You can also try giving them some mustard, since the strong flavor may cause them to vomit. Do not try to stick your fingers into your dog’s mouth to make them gag. This is risky because they may bite you, and then you’ll need to visit the emergency room yourself.
However, if vomiting is not advised by your veterinarian, activated charcoal is usually safe to give to your pet at home before you take them to an emergency centre. Remember that activated charcoal won’t necessarily prevent the consequences of eating a toxin, but it will decrease the absorption slightly and give you a bigger window of opportunity to get your dog to the vet.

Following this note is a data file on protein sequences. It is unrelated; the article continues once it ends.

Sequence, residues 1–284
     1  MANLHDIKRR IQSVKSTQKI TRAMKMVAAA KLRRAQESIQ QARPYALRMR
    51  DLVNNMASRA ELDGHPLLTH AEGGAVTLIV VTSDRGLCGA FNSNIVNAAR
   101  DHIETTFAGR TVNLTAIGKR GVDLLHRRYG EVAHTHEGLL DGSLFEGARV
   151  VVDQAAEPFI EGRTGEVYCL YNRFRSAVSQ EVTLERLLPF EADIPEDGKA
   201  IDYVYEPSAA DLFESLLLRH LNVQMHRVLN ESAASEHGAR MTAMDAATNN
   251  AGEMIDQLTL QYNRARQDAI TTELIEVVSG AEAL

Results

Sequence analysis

Risks of inducing vomiting at home and why it’s not usually recommended
Inducing vomiting carries a variety of risks. It may worsen the problem, cause aspiration pneumonia, or damage the esophagus.
It should ONLY be done after speaking to a vet or poison centre.
Your dog needs to be fully conscious, not seizing, and able to swallow when you induce vomiting. Otherwise, you may cause deadly aspiration pneumonia.
If they have eaten something corrosive like pool acid or caustic soda, inducing vomiting may damage the throat and mouth and it is not recommended.
If they have eaten something sharp like a fishhook or needle, you should NOT induce vomiting.
Should I make my dog throw up?
If you are unsure and can’t call a pet poison helplinem read our article: should I make my dog throw up?
Tips to ensure your dog’s safety during and after the vomiting process
1. Consult a Professional: Reach out to a veterinarian or an emergency pet hotline before inducing vomiting to get personalized advice.